For this I simply want to say thank you.  From a Biblical and Christian perspective, it is imperative that we take care of the most vulnerable around us.  And, for the record, when it comes to health insurance, available but not affordable doesn’t count.

To my local hospital board members, thanks and keep up the good work.

I have a variety of reflections from the Mennonite Church USA national convention that was held in Pittsburgh, PA this last week.  This is just one, hopefully there will be more coming yet.

I went to this convention not knowing for sure if MCUSA would survive past the convention.  The reason was because it felt like there is currently an abnormally large amount of tension in the denomination right now.  There are a lot of issues that are causing tension but the big one is homosexuality, mainly because of one particular situation.

In the spring of this year a Mennonite pastor in Western District Conference performed a same sex union ceremony.  This has been done before, but every other time the pastor was disciplined in some form by their local conference.  This time, however, the area conference credentialing committee reviewed her credentials and found them to be in good order.  That’s a first.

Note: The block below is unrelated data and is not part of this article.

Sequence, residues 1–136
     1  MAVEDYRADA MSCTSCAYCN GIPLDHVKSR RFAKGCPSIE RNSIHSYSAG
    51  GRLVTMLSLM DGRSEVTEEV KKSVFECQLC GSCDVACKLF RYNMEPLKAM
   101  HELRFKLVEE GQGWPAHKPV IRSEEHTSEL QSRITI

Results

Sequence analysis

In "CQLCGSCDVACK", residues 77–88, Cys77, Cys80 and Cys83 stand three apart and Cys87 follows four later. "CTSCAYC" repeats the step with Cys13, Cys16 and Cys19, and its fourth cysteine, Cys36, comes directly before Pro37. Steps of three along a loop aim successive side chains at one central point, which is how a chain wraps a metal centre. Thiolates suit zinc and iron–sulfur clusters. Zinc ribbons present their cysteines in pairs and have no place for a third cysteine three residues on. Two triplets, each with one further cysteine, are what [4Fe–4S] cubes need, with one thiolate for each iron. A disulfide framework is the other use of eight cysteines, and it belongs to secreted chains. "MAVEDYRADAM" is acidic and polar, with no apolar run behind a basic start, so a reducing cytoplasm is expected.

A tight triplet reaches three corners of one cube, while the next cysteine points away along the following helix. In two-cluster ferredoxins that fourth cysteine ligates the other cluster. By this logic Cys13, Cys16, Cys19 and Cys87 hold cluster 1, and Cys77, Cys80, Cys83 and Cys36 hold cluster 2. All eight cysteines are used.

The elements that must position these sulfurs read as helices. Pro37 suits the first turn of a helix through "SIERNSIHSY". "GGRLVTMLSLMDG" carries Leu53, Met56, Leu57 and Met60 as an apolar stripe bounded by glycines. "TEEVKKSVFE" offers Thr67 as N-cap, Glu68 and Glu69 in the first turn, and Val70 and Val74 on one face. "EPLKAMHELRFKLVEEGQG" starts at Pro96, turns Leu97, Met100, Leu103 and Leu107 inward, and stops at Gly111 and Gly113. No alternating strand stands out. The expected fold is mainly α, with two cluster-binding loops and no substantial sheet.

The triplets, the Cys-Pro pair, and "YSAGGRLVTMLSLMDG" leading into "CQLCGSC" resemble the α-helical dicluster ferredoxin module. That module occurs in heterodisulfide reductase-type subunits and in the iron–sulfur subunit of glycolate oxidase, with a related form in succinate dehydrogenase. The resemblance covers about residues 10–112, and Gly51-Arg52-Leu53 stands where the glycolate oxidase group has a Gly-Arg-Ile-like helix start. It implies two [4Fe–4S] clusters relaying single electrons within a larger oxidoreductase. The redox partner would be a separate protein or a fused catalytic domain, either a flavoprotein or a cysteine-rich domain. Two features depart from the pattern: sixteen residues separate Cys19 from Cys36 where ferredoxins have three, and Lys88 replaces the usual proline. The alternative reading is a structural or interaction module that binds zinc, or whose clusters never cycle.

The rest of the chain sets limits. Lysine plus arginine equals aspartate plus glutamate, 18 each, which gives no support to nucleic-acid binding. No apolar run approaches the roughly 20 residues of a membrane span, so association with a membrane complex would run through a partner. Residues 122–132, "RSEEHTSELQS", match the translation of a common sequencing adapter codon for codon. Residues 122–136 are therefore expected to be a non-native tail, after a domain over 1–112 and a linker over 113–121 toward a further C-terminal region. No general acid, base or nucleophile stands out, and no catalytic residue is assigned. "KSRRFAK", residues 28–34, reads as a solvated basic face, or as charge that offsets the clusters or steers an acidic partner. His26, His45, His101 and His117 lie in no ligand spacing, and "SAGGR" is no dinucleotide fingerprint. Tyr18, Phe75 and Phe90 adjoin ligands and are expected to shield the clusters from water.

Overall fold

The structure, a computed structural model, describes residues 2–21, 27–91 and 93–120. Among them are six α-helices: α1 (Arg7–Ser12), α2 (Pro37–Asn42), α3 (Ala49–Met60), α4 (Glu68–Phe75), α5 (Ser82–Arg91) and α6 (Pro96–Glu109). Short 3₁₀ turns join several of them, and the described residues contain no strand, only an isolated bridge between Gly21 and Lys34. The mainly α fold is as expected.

The conference that I’m in (South Central Conference) overlaps with WDC and they have been at odds with each other for their whole history.  There are a lot of reasons for this that I won’t go into, but the short of it that they’re not exactly thrilled with each other to begin with.  At the SCC annual gathering in June, the tension in the air was palpable.  From a variety of conversations I had the sense that I got was that this tension, and even outright anger, at WDC was not limited to the neighborhood and that it was shared by other conferences throughout the denomination.  Perhaps it is simply because of where I live, but the tensions over this seemed so great that I fully expected a full on, knock down drag out fight on the delegate floor at convention, possibly even resulting in entire conferences leaving the denomination.